9. Spoilation • Destruction or alteration of evidence • Failure to preserve property for another’s use as evidence in pending or reasonably foreseeable litigation • Can support an inference that evidence would have been unfavorable to party responsible for destruction • Adverse Inference- what Zubulake seeks in this case

  10. Adverse Inference • To get adverse inference instruction, party must show: • Party with control of evidence had obligation to preserve it at time it was destroyed • Established duty in Zubulake IV • Records were destroyed with “culpable state of mind” • In NY, include ordinary negligence • Destroyed evidence was “relevant” to party’s claim • Definition of relevant in this instance includes assumption that evidence destroyed would have been favorable to party seeking inference • If destruction was done negligently, must prove relevance • If destruction was done in bad faith, relevance assumed

  11. Analysis • Did UBS and Counsel take all necessary steps to ensure relevant data was preserved and produced? • If not, did UBS act willfully when deleted/ failed to produce? • Preservation Obligations: • Litigation hold • Counsel must oversee compliance • Counsel must become fully familiar with client’s data retention policies/procedures • Counsel must ensure preservation • NOT enough to simply explain to client, must actually oversee

  12. Analysis • Preservation Obligations • Counsel has continuing duty • Requirement reasonable • Client must bear responsibility at some point for failure to preserve • Steps for Counsel to Take • Issue litigation hold (when litigation reasonably anticipated) • Communicate directly with key players in litigation • Direct all employees produce copies of relevant active files • Includes ensuring back up media identified and safe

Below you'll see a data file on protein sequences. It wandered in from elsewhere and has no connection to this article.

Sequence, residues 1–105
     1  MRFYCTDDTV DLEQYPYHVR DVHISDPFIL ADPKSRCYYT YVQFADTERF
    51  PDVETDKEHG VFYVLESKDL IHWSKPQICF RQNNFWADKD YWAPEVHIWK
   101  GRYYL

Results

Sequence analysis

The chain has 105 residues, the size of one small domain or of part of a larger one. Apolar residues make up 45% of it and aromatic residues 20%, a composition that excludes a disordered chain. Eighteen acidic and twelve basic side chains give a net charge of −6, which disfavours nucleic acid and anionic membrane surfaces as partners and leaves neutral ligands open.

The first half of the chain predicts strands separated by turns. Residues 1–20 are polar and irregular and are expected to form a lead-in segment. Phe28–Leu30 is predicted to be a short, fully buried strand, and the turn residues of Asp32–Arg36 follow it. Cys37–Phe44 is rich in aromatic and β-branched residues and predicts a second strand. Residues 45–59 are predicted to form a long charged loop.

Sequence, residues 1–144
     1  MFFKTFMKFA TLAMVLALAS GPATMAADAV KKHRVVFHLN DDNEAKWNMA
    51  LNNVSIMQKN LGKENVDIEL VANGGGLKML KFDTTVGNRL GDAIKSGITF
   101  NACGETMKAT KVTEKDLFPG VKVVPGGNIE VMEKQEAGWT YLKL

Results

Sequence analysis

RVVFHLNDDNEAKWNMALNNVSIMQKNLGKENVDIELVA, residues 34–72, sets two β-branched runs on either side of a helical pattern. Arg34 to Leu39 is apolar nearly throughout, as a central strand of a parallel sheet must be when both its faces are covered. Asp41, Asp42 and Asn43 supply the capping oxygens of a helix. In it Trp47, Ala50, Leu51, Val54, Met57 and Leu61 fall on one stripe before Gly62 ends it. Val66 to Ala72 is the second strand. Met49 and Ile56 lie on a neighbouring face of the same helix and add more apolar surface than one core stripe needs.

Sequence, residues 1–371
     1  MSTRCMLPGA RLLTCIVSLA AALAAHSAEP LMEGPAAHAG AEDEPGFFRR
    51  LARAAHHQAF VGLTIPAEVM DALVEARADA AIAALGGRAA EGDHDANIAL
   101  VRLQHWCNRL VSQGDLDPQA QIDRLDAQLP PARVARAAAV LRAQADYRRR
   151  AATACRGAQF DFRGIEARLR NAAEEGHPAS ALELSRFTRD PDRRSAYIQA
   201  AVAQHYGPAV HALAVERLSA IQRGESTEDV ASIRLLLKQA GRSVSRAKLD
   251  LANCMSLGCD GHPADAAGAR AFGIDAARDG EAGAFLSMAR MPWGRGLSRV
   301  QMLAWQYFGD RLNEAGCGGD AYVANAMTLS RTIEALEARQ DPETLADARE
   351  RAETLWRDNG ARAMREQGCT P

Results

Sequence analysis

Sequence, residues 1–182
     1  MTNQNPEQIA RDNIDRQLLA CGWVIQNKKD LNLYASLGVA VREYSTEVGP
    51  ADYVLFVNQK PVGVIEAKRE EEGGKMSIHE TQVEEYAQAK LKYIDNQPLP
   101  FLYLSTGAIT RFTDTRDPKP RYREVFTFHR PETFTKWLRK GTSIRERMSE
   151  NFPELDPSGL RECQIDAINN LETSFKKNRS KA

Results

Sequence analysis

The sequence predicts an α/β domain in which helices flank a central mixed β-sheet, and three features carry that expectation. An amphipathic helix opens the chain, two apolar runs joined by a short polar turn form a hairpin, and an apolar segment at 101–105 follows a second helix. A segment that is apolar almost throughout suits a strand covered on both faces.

13. Analysis • Under standards existing at the time, counsel acted reasonably when instructing UBS • However, counsel did not communicate effectively • Hold not issued to all necessary employees • Not all employees asked to produce documents • Failed to protect back up tapes • UBS employees acted in contravention of instructions • Deleted emails AFTER instructed to save • Recycled back up tapes prematurely

  14. Ultimately… • Duty to preserve/produce is UBS’s • Counsel gave instructions, UBS acted against instructions • UBS acted willfully when destroyed information • Lost information presumed relevant

  15. Sanctions • Goal: restore Zubulake to position would have been in if UBS had acted in accordance with rules • Sanctions • Jury will be given an adverse inference instruction regarding emails deleted after August, 2001 and emails irretrievably lost when back up tapes recycled • UBS must pay for depositions required by late production • UBS must pay for costs of motion

  16. Conclusion • Counsel has certain obligations to discharge production duties during discovery phase • Once Counsel has completed steps, party that acts contrary to instructions acts at its own peril

  17. Questions • Does this opinion shift the discovery/production burdens inappropriately to the attorneys, as opposed to the parties? • Should there be a difference in the obligations placed on In-House counsel as opposed to Outside counsel? • Will technology training become a CLE requirement for attorneys practicing under the Federal Rules of Civil Procedure?